By Request

By Betty Shimabukuro

Wednesday, August 4, 1999

By Craig T. Kojima, Star-Bulletin
Carrot curls and parsley adorn a bowl of veggie-rich Shrimp Sari Sari.

Filipino food a hot item

uite a few requests have come in lately for traditional Filipino dishes. So many that the responses will have to be presented in two parts.

This week: Sari Sari, for Laura Aweau, and an "old-time, original" recipe for Bibingka for Jody Sandobal.

First, the Sari Sari, a recipe developed in 1995 by Keith Endow, at the time a member of the Hawaiian Knights 4-H club. Endow, now a senior majoring in geography at Southern Oregon University, entered the recipe in the 4-H Foodshow, an annual cooking competition.

The Hawaiian Knights was actually an archery club, Endow recalls, but members dabbled in cooking. Sari Sari is a favorite dish of his parents. "My mom kind of pushed me to make that." He started with a traditional recipe and adapted it to make it his own.

The annual Foodshow draws 80-90 4-Hers each year, the point being to have them develop recipes, perfect them within their clubs, then present them in a competitive environment. All entries are published in a cookbook, which is always a great composite of local recipe ideas.

The 1995 "O'ahu County 4-H Foodshow Cookbook" focused on Filipino foods. Some copies are still available. To order, send $7 plus $3 postage to the Urban Garden Center/Attention: Steve/962 Second St./Pearl City, 96782. The 1999 cookbook is called "Ring of Fire" and focuses on chocolate desserts. It may be ordered through the same address for $5, plus $3 postage. For more information call 453-6054.

On to Bibingka, a classic mochi-like dessert. Sandobal, a former Ewa Beach resident transplanted to Everett, Wash., doesn't care for modern Bibingkas made with mochiko. She wants to make hers from scratch with rice.

This recipe comes from a veteran Filipina cook, who is too shy to be named, but says her Bibingka is easy and always turns out great.

Sandobal is willing to grind her rice and grate fresh coconut, but our cook says all that is not necessary, unless you want to make your own coconut milk (pour 1 to 1-1/2 cups boiling water over 3 cups grated coconut; let stand 15 minutes, knead and strain through cheesecloth). She uses whole mochi rice prepped in a rice cooker and says it turns out better than rice that is ground or pounded.

Next week: Lumpiang Sariwa (Fresh Lumpia).


"Oahu County 4-H Foodshow Cookbook," 1995

1-1/2 cups water
Salt to taste
1 pound medium shrimp, peeled and deveined
2 cloves garlic, crushed
2 medium tomatoes, in eighths
1/2 small onion, sliced
3 tablespoons fish sauce (patis)
1 small hyotan squash, sliced diagonally
1-2 hechima squash, sliced diagonally
1 long eggplant, sliced diagonally
6 string beans, sliced diagonally

Heat water in a large pot, adding salt. Just before water comes to a boil, add shrimp. Remove after 1 minute, before water boils. Add garlic, tomatoes and onions to the water in the pot. Cook over medium heat 4 minutes. Add patis and remaining vegetables. Cook until vegetables are tender, but not overcooked. Add shrimp and serve.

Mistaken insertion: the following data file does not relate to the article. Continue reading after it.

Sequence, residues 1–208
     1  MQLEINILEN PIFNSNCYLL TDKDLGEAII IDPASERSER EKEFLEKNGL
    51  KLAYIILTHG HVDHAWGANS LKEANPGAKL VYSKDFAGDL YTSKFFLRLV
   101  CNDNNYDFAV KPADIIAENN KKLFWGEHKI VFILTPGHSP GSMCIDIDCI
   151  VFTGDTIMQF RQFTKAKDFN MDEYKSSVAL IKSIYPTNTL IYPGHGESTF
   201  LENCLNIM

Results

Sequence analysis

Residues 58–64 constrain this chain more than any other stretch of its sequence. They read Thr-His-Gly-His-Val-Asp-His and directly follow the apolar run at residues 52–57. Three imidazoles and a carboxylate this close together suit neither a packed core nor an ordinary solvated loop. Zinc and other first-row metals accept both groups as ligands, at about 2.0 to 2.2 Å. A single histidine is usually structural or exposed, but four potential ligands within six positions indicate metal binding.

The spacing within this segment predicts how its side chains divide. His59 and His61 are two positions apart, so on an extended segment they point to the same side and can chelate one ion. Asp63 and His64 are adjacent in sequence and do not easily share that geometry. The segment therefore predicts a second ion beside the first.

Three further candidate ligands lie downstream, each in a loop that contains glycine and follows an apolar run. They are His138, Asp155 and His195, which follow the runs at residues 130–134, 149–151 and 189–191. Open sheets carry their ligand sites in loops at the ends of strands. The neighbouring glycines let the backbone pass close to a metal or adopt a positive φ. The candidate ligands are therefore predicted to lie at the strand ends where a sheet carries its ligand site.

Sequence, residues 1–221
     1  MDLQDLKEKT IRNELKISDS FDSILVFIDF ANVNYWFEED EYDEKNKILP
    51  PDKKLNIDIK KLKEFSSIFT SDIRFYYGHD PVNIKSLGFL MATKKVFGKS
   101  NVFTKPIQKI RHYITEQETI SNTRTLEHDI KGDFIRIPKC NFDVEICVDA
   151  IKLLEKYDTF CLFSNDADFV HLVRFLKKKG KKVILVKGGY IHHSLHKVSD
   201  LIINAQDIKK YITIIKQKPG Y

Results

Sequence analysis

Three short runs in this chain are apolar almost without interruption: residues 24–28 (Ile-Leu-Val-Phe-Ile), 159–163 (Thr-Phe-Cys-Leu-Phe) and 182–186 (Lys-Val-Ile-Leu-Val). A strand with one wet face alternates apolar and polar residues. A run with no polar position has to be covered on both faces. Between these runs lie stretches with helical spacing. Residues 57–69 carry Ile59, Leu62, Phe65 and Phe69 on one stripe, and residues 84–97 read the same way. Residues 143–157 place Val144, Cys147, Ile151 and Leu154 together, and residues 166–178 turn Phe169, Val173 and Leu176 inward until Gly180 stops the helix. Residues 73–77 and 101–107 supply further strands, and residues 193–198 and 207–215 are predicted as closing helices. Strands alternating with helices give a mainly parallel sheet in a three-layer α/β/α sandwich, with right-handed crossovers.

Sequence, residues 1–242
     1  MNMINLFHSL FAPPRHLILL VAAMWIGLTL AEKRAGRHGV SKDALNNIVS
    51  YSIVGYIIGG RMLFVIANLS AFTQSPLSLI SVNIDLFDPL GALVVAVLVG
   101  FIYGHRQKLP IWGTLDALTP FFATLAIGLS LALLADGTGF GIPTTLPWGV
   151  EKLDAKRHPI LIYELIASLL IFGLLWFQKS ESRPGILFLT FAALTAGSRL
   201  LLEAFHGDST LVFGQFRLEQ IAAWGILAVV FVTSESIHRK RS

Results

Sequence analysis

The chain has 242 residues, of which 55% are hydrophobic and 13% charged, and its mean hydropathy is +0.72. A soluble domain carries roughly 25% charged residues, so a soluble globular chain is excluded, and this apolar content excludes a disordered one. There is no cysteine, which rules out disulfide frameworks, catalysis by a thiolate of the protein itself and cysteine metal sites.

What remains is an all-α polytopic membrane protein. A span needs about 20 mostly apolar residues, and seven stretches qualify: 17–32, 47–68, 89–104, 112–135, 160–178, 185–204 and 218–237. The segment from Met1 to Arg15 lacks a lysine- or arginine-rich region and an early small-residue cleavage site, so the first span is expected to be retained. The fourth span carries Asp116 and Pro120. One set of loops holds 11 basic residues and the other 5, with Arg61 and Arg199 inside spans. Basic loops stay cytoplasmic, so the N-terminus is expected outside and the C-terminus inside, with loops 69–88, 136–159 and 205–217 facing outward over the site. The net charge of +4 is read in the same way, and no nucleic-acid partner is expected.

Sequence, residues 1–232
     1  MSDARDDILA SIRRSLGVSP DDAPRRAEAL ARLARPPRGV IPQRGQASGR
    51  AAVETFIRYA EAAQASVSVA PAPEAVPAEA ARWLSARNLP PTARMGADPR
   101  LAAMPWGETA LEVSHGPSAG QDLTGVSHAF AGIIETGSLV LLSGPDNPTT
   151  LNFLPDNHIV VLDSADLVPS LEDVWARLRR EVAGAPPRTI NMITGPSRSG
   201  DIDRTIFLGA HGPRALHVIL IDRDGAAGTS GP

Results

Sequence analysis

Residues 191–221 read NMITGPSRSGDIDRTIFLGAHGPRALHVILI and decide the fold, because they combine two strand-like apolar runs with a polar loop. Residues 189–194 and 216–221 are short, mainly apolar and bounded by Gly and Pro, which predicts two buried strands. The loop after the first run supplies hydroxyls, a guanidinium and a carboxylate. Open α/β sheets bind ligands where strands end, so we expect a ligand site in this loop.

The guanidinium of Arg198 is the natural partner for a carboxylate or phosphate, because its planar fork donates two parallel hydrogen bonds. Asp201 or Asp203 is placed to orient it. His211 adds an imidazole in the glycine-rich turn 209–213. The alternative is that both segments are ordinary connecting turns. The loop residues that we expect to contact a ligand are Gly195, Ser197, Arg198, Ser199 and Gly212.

Serves 4.

Approximate nutritional information, per serving: 175 calories, 2 g total fat, 0.5 saturated fat, 140 mg cholesterol, greater than 900 mg sodium.*


4 cups sweet mochi rice
4 cups water
1 13-1/2 can coconut milk
2 cups brown sugar

Soak rice in water 30 minutes, then cook in rice cooker. Mix cooked rice with 1/2 can of coconut milk and spread in a 9-by-13-inch cake pan. Bake, covered, at 350 degrees for 40 minutes.

Meanwhile, combine remaining coconut milk with brown sugar and cook over medium heat until sticky. Spread over baked rice and return to the oven for 15-20 minutes, uncovered.

Makes 25-30 pieces.

Approximate nutritional analysis, per piece: 215 calories, 4 g total fat, 3 g saturated fat, no cholesterol, 15 mg sodium.*

Mochi mix-up

One of last week's recipes for Chocolate Mochi contained an error in the amount of mochiko to be used.

Here is the corrected recipe:


2 cups mochiko
2 cups sugar
1 tablespoon baking soda
1/2 cup melted butter or margarine
1 cup semi-sweet chocolate chips
2 12-ounce cans evaporated milk
2 eggs, beaten
2 teaspoons vanilla

Sift together mochiko, sugar and baking soda. Melt butter with the chocolate chips. Combine milk, eggs and vanilla in a separate bowl.

Add chocolate to the milk mixture and stir. Pour into dry ingredients and stir until smooth. Pour into a greased 9-by-13-inch pan. Bake at 350 degrees for 55 minutes

Cool before slicing.

Send queries along with name and phone number to:
By Request, Honolulu Star-Bulletin Food Section,
P.O. Box 3080, Honolulu 96802.
Or send e-mail to

Asterisk (*) after nutritional analyses in the
Body & Soul section indicates calculations by
Joannie Dobbs of Exploring New Concepts,
a nutritional consulting firm.

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